It means that many major sporting events – particularly football matches – will be affected, as will concerts and music festivals.
People who have had two vaccines in Scotland can already download or get a paper copy of a certificate with a QR code.
By the end of the month, it is expected that this code will also be available on a new NHS Scotland Status app.
These codes can be scanned at a venue to confirm the user is fully vaccinated.
Anyone who has good reasons for not getting fully vaccinated – including children and people with particular medical conditions – will be exempt.
A major goal of the scheme is to encourage more younger people to be vaccinated – with the latest figures showing that uptake among those under the age of 40 in Scotland has been lower than older age groups.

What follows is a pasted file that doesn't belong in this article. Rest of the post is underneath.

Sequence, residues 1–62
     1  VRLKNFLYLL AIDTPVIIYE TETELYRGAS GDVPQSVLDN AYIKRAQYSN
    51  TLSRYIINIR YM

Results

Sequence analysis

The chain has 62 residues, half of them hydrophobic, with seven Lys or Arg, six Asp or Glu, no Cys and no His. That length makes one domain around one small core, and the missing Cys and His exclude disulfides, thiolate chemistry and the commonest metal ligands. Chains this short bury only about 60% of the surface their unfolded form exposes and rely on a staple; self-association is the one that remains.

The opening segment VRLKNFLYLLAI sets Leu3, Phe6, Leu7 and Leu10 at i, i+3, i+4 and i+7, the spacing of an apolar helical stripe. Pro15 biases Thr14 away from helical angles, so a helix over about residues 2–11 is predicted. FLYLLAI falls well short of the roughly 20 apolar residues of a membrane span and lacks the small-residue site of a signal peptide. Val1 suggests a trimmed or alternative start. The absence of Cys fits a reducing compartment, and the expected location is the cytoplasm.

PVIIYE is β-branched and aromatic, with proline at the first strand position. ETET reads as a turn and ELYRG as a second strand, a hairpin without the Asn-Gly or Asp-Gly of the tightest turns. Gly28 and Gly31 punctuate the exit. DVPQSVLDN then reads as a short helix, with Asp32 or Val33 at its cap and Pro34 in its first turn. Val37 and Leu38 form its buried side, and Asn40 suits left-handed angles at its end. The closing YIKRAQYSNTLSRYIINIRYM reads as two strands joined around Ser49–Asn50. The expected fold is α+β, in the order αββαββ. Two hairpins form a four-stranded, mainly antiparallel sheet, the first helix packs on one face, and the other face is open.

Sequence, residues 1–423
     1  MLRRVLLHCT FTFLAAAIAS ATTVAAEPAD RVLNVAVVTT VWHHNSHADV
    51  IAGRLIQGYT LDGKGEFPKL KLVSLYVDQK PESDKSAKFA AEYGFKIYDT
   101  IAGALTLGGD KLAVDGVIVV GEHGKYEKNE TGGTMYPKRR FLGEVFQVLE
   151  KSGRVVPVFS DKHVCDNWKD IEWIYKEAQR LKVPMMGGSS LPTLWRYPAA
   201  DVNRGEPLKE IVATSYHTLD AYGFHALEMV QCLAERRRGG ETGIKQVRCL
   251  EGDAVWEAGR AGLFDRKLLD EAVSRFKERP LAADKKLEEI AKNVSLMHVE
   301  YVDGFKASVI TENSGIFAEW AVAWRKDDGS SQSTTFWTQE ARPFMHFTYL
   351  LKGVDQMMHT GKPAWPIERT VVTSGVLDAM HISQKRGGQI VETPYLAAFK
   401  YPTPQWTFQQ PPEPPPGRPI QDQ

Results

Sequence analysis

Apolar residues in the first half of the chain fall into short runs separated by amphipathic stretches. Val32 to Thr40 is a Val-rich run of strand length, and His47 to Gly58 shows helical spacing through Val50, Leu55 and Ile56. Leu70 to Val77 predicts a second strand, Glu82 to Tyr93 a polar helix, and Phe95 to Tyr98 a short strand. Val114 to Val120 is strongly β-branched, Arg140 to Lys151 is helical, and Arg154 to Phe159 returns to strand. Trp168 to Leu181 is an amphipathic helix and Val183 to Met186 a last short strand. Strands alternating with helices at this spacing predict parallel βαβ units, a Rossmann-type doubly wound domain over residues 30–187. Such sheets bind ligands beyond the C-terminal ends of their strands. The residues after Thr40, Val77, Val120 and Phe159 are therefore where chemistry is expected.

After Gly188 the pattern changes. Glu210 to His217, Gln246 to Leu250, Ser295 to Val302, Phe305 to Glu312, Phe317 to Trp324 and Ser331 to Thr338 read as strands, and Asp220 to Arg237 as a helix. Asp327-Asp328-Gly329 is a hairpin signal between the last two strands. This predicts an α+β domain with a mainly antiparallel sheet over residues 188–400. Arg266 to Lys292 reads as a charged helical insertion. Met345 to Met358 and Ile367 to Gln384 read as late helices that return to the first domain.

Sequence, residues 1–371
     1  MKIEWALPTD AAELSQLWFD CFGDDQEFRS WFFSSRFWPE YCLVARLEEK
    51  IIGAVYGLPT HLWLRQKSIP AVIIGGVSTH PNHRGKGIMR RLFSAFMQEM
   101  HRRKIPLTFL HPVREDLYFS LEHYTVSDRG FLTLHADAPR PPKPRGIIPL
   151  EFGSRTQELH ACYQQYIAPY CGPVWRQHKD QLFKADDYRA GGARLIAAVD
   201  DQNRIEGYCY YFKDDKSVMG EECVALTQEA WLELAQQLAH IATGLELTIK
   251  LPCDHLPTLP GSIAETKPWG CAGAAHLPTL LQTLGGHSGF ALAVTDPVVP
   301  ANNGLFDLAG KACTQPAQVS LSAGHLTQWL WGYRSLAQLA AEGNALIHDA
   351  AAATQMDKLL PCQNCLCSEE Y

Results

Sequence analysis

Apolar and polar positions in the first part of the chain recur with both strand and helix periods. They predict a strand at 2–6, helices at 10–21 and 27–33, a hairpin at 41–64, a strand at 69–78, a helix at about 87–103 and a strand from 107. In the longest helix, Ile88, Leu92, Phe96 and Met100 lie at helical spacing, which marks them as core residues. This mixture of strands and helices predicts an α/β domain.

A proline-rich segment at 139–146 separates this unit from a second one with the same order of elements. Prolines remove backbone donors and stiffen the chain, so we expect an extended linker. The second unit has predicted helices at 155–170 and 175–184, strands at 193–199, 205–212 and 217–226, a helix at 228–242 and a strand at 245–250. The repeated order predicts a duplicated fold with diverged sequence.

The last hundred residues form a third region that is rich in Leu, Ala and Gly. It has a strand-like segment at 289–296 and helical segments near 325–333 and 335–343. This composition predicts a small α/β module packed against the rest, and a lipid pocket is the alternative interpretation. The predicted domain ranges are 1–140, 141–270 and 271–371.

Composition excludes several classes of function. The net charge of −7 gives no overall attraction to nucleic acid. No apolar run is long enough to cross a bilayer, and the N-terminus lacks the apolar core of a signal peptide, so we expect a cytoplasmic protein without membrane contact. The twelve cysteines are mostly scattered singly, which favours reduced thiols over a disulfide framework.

Many areas of Scotland have seen some of the highest Covid rates in Europe in recent weeks – although there are signs that the surge in cases is beginning to slow down.
The number of people in hospital and intensive care units has also been steadily rising, with health professionals warning that that NHS is coming under increasing strain.
Mr Swinney said Scotland was in a “fragile position” with Covid-19 case rates still high, telling MSPs that “we all recognise the need to try all we can to protect the return to greater normality that we have experienced in recent weeks”.
He said the scheme would reduce the risk of transmission in some settings, allowing those venues to “operate more safely when the potential alternative would be closure”.